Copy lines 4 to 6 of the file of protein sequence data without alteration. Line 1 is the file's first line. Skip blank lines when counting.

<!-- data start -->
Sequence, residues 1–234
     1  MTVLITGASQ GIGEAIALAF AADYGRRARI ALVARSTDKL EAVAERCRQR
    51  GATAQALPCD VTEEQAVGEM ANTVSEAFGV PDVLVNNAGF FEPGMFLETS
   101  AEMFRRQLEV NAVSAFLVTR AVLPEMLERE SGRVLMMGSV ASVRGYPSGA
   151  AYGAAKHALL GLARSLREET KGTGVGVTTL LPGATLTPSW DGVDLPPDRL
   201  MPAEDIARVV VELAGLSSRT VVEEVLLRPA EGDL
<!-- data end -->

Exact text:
   101  AEMFRRQLEV NAVSAFLVTR AVLPEMLERE SGRVLMMGSV ASVRGYPSGA
   151  AYGAAKHALL GLARSLREET KGTGVGVTTL LPGATLTPSW DGVDLPPDRL
   201  MPAEDIARVV VELAGLSSRT VVEEVLLRPA EGDL